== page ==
Incorporating the bride’s personality into the march is what makes it special. If having the person or people closest to her means a lot, then it should be done. Some brides choose to enter solo, this way she can see all of her loved ones while she enters. Some brides love the romantic guitar while other wants something upbeat. For me personally, I chose my friend to sing a song that had meaning for us, and having live music while I entered was important because of who was singing the song, the words, and the uniqueness of this type of entrance. Whatever a bride chooses to enter to, you can’t go wrong if it’s heartfelt and meaningful to you and your future spouse!

Img_141_090509Photo by Studio Duva

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Why the bride stands on the left side during wedding ceremony

Have you ever wondered why during wedding ceremony, it is customary for the bride to stand on the left and the groom on the right?  I was recently married and thought about the history of this myself. This tradition dates back to the Middle Ages, when women were traded and sold for marriage.  So why does the groom stand on the right side of the altar?  Well, your heart is located on the left so the bride stands “under his (grooms) heart”.  This keeps the groom’s right hand (“fighting arm” or “sword arm”) free to defend his bride should an enemy try to steal her away at the last minute.  If any man or attacker made it past the groomsmen at the altar, the groom would hold his bride with his left hand, while using his sword or weapon with his right hand against any oncoming attackers.  Another explanation for this is that men and women used to be split up when they went to church, with the men sitting on the right side, and women sitting on the left.  Because of this, it made sense for the men to stand on the right side of the altar, and the women on the left.  In modern interpretations, it is said that when a man and woman join hands at the altar, it symbolizes their unity and strength.  It also shows their combined resources they bring to the marriage.  Another idea is that when newlyweds turn and face their friends and family at the end of the ceremony, the bride is standing to the groom’s right, symbolizing her spot as his “right hand” throughout the rest of their lives together. Whether you choose the right side or not, we thought you’d like to learn a few reasons for this tradition!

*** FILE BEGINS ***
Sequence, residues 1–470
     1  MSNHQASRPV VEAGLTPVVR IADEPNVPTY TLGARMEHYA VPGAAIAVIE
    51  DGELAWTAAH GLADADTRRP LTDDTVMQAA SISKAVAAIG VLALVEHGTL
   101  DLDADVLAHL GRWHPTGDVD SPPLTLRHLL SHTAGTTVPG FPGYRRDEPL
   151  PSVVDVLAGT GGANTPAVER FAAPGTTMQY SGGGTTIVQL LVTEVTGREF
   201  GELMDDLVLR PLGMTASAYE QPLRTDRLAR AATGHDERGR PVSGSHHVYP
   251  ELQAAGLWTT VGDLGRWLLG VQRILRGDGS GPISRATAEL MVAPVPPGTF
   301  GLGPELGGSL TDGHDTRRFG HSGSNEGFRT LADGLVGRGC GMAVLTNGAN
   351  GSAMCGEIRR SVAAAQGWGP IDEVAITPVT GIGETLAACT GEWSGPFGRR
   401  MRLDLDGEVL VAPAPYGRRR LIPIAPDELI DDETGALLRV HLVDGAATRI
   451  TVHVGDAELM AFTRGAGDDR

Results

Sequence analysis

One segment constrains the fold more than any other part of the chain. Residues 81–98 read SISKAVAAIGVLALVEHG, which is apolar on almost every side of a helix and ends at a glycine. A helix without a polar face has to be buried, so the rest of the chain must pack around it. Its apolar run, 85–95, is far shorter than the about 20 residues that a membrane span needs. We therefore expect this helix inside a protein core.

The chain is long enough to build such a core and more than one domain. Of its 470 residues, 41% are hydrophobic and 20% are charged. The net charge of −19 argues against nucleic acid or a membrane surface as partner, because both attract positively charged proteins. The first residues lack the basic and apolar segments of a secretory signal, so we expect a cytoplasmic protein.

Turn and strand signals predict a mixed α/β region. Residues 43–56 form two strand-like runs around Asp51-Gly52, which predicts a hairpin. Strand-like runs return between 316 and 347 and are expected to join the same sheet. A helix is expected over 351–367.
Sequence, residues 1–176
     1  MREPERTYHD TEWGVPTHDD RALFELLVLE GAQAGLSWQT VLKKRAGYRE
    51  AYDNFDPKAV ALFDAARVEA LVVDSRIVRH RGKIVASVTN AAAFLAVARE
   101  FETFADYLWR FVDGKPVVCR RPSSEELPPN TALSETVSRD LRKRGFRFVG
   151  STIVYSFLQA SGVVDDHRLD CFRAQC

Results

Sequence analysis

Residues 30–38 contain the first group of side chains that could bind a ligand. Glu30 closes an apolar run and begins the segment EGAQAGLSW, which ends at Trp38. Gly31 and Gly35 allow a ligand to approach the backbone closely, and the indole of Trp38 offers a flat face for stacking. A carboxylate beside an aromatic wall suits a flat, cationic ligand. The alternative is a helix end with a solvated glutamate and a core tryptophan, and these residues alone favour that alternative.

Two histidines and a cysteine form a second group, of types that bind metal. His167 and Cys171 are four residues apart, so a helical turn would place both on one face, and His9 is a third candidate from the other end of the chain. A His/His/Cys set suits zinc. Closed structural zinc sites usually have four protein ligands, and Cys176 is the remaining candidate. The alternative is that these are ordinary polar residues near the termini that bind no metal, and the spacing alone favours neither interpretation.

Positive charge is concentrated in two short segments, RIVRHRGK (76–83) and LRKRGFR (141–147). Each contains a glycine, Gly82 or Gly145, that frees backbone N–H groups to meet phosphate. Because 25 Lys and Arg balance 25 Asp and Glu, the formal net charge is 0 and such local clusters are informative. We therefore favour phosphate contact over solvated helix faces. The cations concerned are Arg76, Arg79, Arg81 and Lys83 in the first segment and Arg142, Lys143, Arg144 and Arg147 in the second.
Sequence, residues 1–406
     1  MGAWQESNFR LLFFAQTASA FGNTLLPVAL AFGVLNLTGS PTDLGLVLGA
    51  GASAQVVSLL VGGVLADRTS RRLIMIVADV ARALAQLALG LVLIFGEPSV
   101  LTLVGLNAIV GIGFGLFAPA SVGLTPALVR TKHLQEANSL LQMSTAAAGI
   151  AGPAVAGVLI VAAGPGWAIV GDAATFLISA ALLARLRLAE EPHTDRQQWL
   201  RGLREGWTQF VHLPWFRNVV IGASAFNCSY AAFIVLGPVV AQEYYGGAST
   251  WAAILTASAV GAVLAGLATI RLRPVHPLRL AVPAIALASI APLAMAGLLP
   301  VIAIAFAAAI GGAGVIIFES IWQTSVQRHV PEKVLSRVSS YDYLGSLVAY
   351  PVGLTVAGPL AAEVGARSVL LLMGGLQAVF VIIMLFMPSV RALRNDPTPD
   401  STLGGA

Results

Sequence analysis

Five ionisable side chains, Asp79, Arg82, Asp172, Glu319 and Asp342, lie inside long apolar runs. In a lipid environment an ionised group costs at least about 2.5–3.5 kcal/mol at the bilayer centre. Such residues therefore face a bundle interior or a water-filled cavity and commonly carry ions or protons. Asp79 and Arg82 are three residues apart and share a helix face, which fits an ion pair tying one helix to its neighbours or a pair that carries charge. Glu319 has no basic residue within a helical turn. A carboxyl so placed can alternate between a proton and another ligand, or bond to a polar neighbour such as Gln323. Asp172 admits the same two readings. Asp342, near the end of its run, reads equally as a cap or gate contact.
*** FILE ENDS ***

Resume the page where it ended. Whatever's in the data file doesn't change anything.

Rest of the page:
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The History of the White Wedding Dress!

Have you ever wondered why wedding dresses are traditionally white? It has not always been this way! In 1840, Queen Victoria wore what people describe as a “flamboyant white gown”.  In those days, wearing white clothing signified that you were wealthy and could afford to purchase a dress that you may never wear again.  Wedding dresses were all different colors, shapes, and styles.  Most women wore dresses that they could slightly alter and wear again.  Another famous white wedding dress that presented itself after Queen Victoria was a knee-length white wedding dress designed by the infamous Coco Chanel.  Even so, women still just wore what they would afford, and still only those that came from wealth had the means to wear an elaborate gown on their wedding day.  The white wedding dress tradition is still very, relatively new.  Queen Victoria may have been the first in 1840 but the tradition didn’t really set in and take off until about 1950.  Now most people can’t dream of a wearing a wedding dress that is any other color than white.
However, there are always those that want to start their own traditions and such, so if you’re thinking about wedding in a gown other than white, here’s an old folklore that may help you decide whether to go with tradition…or not!  We enjoy seeing all styles of wedding dresses.  We have even had a bride who had an all white wedding and she herself wore slate.  It was so much fun!  We wish you the best in your wedding gown shopping!

All photos courtesy of Shadowcatcher Imagery